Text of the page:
A “Simple” Cure For Industrial Trouble
The Daily News of Wednesday, February 27th, 1929, reports: “That the General Council of the Trade Union Congress considered the draft interim report on Unemployment which has been prepared by the Mond-Turner Conference.”
The report was adopted with a few modifications. The news goes on to say: “That the report deals with more or less palliative measures for unemployment and that more preventive measures will be covered in the final report, assuming that the Conference continues its work. It discusses the practicability of the Organisation of National Works to supplement measures, such as credit facilities, to foster a general revival in trade.” The question on providing pensions at 65 was also discussed.
This appeared on page 9. On page 11 we find another report. It is headed. Psychology Removes Worries in British Workshops. Six Girls Now Do the Work of 120. Increased Output and Greater Economy.
The report is a long one, but the following extracts will suffice:—
“The phenomenal labour saving referred to above was achieved in the design and equipment of a new safety glass works. Radical changes have been achieved in production methods and labour-saving devices have been introduced which have led to a marked reduction of manufacturing costs. Thus in the case of two connected operations six girls will now do the work which formerly required 120. Waste of material has been reduced from 18 to 5 per cent, and the new factory will be able to produce in one shift almost double the output originally specified. The scope of the National Institutes of Industrial Psychology includes, the layout of factories, the sequence of processes, the elimination of waste of effort, material, and time in production, the selection of appropriate employees, and, lastly, the greater efficiency and contentment of the employees by improved working conditions.”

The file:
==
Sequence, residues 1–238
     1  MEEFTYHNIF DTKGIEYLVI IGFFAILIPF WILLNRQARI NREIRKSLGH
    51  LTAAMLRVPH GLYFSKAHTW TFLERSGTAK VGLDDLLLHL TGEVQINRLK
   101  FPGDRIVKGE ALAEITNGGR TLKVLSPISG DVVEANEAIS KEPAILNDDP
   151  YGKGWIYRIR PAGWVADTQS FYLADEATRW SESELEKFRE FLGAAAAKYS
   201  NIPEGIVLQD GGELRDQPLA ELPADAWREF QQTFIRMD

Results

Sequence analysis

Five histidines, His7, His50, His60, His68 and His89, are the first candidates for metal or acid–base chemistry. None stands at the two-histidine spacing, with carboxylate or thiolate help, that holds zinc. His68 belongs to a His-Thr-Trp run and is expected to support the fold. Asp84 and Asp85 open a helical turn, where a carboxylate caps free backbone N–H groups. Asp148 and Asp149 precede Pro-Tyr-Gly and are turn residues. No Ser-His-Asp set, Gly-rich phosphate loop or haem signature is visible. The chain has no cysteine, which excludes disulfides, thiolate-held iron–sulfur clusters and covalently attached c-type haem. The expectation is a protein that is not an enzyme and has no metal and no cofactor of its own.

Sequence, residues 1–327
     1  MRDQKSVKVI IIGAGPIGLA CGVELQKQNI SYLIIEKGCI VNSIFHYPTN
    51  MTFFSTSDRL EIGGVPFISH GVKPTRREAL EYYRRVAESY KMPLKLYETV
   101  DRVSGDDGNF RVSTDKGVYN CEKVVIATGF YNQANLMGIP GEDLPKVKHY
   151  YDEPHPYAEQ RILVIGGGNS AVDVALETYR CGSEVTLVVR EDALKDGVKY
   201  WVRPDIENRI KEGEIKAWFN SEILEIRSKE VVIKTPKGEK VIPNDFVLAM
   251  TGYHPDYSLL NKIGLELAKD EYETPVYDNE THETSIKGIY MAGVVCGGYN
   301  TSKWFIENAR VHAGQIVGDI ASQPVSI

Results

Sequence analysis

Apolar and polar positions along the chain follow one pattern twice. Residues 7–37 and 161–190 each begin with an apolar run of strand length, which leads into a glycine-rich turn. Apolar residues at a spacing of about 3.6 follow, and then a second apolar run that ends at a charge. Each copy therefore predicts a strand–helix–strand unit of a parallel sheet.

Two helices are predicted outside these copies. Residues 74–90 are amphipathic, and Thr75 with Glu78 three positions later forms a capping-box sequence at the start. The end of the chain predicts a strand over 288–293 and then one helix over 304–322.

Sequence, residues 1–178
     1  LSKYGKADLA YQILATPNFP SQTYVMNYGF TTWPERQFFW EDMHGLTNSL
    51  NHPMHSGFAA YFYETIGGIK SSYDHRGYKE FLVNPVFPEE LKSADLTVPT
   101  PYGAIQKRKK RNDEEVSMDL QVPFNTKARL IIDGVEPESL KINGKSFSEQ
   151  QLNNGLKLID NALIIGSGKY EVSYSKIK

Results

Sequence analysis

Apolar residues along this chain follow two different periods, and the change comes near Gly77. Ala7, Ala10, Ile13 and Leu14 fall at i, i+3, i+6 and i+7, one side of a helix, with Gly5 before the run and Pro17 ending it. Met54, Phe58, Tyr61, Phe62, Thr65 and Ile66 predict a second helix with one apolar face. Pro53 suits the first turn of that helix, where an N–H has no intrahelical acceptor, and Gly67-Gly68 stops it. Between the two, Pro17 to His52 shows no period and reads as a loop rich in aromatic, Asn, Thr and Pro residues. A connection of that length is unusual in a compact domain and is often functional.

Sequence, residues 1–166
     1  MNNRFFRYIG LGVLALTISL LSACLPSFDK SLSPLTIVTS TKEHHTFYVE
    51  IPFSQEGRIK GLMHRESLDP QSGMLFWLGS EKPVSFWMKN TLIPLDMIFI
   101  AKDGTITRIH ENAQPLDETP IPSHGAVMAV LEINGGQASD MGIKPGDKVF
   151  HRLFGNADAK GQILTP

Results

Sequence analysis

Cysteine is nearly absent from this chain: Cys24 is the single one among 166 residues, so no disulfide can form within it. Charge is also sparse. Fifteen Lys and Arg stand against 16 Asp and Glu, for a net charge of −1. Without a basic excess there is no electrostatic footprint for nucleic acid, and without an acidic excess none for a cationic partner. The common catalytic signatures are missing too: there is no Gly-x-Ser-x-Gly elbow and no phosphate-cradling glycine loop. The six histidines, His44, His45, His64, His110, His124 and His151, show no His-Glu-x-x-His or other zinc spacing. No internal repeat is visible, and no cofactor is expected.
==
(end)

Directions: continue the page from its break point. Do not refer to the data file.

The report finishes by quoting the World’s Economic Conference’s opinion:
“That the workers should be safeguarded from temporary unemployment, resulting from this rationalisation, otherwise the movement will encounter the same opposition as befell the first attempt to introduce Taylor’s system of scientific management.”
Viewing these reports together, the thing that suggests itself is the fact that here we have two organisations, both claiming to strive for the good of the workers and yet one nullifies the effects of the other. The trade unions struggle for shorter hours and more pay and confer with the masters in an endeavour to foster trade to bring about more employment and when they have succeeded the masters employ psychologists to find out how they can do without a great percentage of the workers, leaving those still in employment more efficient, turning out as much if not more work with less waste and yet being contented with their job, keeping at bay those elements of industrial unrest which are so disturbing to the capitalist. Thus the trade unions find themselves precisely where they were, but with probably a bigger army of unemployed to deal with. Being Socialists, we realise that psychology, when used simply for the benefit of mankind, can be a great aid to human happiness, but in the hands of the masters, being used as a means to further exploitation, it becomes yet another burden upon the backs of the workers. The watchword of industry to-day is produce more, yet all the time the competition for the world’s markets is becoming more fierce and the markets more limited, making the disposal of the commodities less and less certain with the result that the unemployment figures increase and the different countries, in spite of peace pacts, etc., are heading straight for war. It is a time for serious reflection, fellow-workers.
Do you not find all these social remedies simply cancel each other? It is a ceaseless following of blind alleyways in which the workers get bewildered and hopeless. Unless they understand the Socialist position, they are tempted to make useless angry demonstrations and riots which can only result in loss of life or injury to our class and give the Government a chance to demonstrate their power and make an example of a few of the workers. There is only one sound policy to pursue, and that is the constant preaching of Socialism. When we have sufficient knowledge as a class, we can obtain political power. Remembering that the salvation of the workers must be the work of the workers, we must neither put our faith in the Lord, nor leaders, nor psychologists. Given the knowledge, the rest, by comparison, will be simplicity itself. Join the S.P.G.B., fellow wage slaves, and help to spread that knowledge that Socialism may come in our time, and we enjoy the fruits of our labour.